The definitive 'how to' guide to data blending for business analysts

Data is at the heart of today’s interconnected world. It is captured in almost every aspect of our lives—television shows we watch, websites we visit, groceries we purchase, and opinions we share. As the growth of data continues to expand, so does the use of this data by organisations to better understand their customers, optimise their supply chain, and much more. Data analysts in the line of business have become the main driving force tasked with utilising this data to answer more complex business questions. 

These analysts know their business and understand what data is necessary to get the results they want—whether it pertains to sales, marketing, operations, or even finance. It is up to them to use this knowledge and business insight to make sense of all of the disparate data that resides in a data warehouse or data mart, or perhaps within a CRM system or a marketing automation system. It may even be social media data or spatial data—data that is becoming more prevalent and necessary to fulfil organisations’ business requirements. 

Many analysts find it difficult to address this new data challenge because their traditional tools and approaches are not robust enough to handle this environment. Utilising spreadsheets, manual processes, and custom scripting or relying on data scientists to build analytical datasets are all too time-consuming, expensive, and complicated in the face of the number of ad-hoc requests that analysts receive each day. 

An analyst must be able to extend their natural capability and creativity with genuine business insight. They must focus their strengths on high-level business questions, rather than the minutiae of spreadsheets and low-level SQL queries. Data blending helps today’s analysts take full advantage of their expanding roles, as well as the expansion of data needed to make those critical business decisions.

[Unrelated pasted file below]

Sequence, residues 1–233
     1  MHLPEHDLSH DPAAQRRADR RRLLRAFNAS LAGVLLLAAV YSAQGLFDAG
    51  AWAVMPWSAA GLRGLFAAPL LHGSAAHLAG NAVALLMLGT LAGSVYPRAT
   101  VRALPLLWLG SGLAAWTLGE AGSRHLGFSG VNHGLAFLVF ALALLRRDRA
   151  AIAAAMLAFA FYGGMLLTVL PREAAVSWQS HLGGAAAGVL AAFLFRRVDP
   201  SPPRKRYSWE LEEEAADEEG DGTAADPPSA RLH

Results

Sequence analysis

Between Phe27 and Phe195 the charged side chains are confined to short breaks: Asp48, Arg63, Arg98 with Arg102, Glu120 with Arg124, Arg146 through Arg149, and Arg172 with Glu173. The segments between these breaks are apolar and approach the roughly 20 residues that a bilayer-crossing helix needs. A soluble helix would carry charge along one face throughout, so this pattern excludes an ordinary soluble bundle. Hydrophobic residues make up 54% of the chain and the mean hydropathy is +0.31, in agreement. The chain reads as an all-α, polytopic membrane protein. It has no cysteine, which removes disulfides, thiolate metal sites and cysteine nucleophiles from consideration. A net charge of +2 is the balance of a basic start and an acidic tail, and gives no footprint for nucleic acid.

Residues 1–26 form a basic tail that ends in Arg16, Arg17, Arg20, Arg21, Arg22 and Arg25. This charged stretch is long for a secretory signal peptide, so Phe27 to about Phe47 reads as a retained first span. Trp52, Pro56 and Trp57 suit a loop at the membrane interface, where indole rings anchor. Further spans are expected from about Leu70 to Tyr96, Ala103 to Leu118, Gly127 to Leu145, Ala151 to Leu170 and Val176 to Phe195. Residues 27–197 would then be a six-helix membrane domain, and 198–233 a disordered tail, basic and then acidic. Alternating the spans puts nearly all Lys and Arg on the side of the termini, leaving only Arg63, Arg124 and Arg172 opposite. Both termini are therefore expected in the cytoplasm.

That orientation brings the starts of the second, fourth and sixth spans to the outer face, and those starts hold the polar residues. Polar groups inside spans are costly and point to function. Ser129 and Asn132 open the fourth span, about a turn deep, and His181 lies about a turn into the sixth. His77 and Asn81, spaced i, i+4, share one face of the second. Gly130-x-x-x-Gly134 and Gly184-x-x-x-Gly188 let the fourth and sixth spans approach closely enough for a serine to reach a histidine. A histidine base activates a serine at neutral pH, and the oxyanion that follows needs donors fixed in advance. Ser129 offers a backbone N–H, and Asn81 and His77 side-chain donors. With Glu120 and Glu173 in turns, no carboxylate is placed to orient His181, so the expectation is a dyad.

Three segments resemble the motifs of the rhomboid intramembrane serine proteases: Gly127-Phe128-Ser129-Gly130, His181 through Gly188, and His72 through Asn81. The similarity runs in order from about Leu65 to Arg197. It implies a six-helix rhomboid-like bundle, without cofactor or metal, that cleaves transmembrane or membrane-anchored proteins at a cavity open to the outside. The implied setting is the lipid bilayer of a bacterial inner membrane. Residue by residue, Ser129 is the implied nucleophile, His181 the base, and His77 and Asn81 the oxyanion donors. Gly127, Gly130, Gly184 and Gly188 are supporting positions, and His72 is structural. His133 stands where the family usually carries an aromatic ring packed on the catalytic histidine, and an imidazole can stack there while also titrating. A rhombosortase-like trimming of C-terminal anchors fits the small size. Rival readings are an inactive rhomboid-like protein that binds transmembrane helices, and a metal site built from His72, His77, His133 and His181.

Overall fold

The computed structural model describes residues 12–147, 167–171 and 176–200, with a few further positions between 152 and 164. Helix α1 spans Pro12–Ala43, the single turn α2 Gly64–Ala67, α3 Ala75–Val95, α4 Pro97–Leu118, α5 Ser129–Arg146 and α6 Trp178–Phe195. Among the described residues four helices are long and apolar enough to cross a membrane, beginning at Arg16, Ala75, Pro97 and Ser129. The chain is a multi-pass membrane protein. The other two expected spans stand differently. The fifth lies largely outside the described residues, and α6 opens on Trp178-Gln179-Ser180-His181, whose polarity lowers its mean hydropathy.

In fact, the life of a business analyst should be a fun one. Less munging, and more doing. Nevertheless data blending is one of the stages where real magic happens when the analyst gets it right. 

It’s important to get the right process and the right tools to make the job as quick and easy as it should be, so analysts can spend their time drawing insights from the data and delivering actionable insights and offer real business decision-making value. 

Data blending defined 

Data blending is the process of combining data from multiple sources to create an actionable analytic dataset for business decision-making (such as retail site selection or multichannel profiling) or for driving a specific business process (such as packaging data for sale by data aggregators). 

Data blending is needed when an organisation’s data management processes and infrastructure are insufficient for bringing together analytic or specific datasets required by line-of-business groups. It can, for example, readily bring together disparate data, such as customer information from a cloud sales automation system (e.g., Salesforce.com) with clickstream web data stored in a Hadoop file system and segmentation models from Microsoft Excel. This is important, because while organisations aspire to have a completely integrated data management system, the majority of data required to make strategic business decisions still resides outside their IT-controlled data environment. 

Data blending differs from data integration and data warehousing in that its primary use is not to create the single unified version of the truth that is stored in a data warehouse, data mart, or other system of record within an organisation—and is typically conducted by a data warehousing or business intelligence professional. Instead, this process is conducted by a business or data analyst with the goal of building an analytic dataset to assist in answering a specific business question.